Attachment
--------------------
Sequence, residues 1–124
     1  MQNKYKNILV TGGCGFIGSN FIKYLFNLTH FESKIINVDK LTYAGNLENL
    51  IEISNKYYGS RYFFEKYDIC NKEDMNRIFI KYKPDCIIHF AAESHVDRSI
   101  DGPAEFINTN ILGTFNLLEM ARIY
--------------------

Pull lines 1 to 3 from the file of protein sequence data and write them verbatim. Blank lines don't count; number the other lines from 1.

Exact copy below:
Sequence, residues 1–124
     1  MQNKYKNILV TGGCGFIGSN FIKYLFNLTH FESKIINVDK LTYAGNLENL
    51  IEISNKYYGS RYFFEKYDIC NKEDMNRIFI KYKPDCIIHF AAESHVDRSI